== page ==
Long Beach Seeks Harbor Revenue for Tidelands Fund

Long Beach Seeks Harbor Revenue for Tidelands Fund

The Long Beach City Council, brushing off strong opposition from shipping lines and terminal operators, voted to ask the Board of Harbor Commissioners to transfer $16.9 million of harbor revenue to the city’s tidelands operating fund.

With the added funds, the nation’s second busiest port will end up transferring about $100 million of revenues to the tidelands fund over a two-year period, said Michele Grubbs, vice president of the Pacific Merchant Shipping Association.

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The city council’s latest funds transfer request, approved late Tuesday, results from passage last November of a ballot initiative known as Measure D that changed the formula by which the Port of Long Beach transfers money to the city’s tidelands fund each year.

During the past 15 years, the funds transfer was based upon a formula that stated that the harbor commission could be asked to transfer a maximum of 10 percent of the port’s profit to the tidelands account. Measure D, which was approved by the voters, changed the formula to a maximum transfer of 5 percent of the port’s grow operating revenue.

Industry groups at the time accused the mayor and city council of proposing the formula change at the deadline for submitting voter initiatives, with no opportunity for public discussion and no budget analysis of the implications. Since then, relations between Mayor Bob Foster and the port have been strained.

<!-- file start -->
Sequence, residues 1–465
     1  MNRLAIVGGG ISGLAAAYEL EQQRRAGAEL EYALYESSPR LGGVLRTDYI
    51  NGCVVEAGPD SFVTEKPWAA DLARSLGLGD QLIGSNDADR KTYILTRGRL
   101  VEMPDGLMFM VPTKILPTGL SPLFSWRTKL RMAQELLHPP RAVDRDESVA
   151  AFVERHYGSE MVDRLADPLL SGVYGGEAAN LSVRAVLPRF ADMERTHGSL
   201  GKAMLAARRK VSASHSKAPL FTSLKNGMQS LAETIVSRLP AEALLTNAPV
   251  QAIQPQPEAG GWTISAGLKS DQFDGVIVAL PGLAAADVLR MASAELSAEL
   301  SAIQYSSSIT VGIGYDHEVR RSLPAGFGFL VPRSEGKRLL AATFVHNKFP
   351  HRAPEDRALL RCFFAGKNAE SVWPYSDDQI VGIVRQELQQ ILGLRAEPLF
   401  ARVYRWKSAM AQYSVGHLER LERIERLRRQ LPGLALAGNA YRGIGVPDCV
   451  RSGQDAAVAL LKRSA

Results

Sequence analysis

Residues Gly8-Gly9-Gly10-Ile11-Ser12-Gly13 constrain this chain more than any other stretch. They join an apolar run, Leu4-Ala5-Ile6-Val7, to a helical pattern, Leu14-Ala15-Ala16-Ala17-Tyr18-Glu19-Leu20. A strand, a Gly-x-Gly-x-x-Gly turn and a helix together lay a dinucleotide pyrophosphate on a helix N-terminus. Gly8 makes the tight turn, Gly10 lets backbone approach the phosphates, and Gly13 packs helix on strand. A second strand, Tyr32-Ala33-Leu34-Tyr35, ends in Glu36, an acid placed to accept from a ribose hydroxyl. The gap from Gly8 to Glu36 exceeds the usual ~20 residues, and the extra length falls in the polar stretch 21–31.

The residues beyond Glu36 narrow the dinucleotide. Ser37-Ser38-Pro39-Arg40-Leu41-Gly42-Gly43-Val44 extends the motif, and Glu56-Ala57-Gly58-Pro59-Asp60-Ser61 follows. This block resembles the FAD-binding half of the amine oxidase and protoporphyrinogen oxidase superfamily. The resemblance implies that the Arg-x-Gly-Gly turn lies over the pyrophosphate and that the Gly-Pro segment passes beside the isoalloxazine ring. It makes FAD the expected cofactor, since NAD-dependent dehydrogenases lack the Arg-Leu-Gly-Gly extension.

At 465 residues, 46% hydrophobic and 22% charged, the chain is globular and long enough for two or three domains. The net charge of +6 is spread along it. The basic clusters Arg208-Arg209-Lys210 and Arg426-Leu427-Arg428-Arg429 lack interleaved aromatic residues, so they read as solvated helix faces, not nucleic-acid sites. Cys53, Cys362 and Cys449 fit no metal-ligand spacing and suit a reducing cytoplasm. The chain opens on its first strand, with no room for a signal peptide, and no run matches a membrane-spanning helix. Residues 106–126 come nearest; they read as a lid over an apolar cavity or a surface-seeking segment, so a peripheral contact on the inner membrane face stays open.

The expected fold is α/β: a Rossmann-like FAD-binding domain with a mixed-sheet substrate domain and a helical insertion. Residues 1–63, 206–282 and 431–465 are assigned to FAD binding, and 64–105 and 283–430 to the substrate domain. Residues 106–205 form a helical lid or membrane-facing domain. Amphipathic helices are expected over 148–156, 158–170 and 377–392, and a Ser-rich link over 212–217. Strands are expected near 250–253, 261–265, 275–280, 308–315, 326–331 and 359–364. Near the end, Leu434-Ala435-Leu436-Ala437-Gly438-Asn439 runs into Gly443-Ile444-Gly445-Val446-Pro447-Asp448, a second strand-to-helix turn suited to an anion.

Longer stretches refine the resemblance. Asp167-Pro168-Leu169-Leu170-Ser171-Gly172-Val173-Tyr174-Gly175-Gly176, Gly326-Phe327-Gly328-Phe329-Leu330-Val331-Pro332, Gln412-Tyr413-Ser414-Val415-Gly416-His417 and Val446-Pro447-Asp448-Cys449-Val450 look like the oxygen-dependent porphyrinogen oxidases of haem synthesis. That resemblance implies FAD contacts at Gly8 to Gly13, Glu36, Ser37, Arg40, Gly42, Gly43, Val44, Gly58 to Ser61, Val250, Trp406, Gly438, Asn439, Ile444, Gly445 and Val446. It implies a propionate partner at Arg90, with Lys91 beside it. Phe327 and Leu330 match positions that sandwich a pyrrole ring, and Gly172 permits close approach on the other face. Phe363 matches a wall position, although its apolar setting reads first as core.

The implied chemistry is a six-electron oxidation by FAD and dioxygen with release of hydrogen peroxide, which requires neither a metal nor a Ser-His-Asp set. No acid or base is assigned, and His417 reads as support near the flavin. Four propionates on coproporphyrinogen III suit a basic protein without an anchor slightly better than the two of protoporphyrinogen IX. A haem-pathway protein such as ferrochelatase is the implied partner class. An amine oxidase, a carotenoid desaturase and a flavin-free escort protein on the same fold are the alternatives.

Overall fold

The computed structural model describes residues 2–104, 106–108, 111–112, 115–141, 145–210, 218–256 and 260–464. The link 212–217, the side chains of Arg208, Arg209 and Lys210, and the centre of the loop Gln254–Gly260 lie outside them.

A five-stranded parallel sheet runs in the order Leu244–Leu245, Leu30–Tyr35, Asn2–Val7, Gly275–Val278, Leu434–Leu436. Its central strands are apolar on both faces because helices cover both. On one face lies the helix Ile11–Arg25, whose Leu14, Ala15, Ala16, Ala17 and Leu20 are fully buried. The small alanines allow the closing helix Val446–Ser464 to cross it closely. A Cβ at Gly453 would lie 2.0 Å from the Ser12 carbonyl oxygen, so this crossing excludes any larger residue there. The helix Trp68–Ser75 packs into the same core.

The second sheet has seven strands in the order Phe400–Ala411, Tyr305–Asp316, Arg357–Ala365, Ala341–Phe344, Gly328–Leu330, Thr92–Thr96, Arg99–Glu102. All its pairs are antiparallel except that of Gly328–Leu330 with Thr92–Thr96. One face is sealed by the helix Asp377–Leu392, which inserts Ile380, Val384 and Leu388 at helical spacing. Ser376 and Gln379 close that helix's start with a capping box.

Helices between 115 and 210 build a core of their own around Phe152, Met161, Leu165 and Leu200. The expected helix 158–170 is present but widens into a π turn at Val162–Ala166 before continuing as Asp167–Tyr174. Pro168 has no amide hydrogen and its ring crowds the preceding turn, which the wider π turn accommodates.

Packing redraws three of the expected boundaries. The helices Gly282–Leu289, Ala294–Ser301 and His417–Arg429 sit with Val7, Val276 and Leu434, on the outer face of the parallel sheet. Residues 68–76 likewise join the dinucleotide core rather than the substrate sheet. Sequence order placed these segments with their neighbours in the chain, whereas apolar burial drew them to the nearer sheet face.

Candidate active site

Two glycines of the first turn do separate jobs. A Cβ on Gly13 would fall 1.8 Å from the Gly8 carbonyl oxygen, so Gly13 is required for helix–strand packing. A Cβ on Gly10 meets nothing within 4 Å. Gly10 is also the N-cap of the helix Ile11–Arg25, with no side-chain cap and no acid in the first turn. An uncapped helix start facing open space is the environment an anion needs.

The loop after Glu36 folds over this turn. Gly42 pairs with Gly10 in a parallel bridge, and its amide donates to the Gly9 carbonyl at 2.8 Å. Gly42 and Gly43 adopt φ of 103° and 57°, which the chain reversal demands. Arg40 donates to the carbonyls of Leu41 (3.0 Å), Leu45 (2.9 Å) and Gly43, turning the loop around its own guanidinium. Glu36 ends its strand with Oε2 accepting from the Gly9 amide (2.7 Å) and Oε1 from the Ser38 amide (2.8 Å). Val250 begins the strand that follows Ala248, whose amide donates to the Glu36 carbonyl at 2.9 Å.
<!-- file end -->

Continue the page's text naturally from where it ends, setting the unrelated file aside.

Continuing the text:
The city said the change in the formula would result in a shift of an additional funds transfer of only about $1.5 million a year. The city’s request this week is actually for $16,920.700.

Measure D also changed the formula under which oil revenue from Port of Long Beach property is transferred to the city’s tidelands fund. That transfer appears to be about $40 million per year, Grubbs said.

If the harbor commission grants the city’s request, the port could end up transferring about $100 million of harbor-generated revenue over a two-year period to the city’s tidelands fund to be used for expenses such as lifeguards, marine safety and beach cleanup.

Grubbs noted the Port of Long Beach is engaged in a massive capital expansion program and needs that money for marine terminals, on-dock rail facilities and a new bridge. The port plans to spend about $4 billion on capital projects over the coming decade.

-- Contact Bill Mongelluzzo at bmongelluzzo@joc.com. Follow him on Twitter @billmongelluzzo.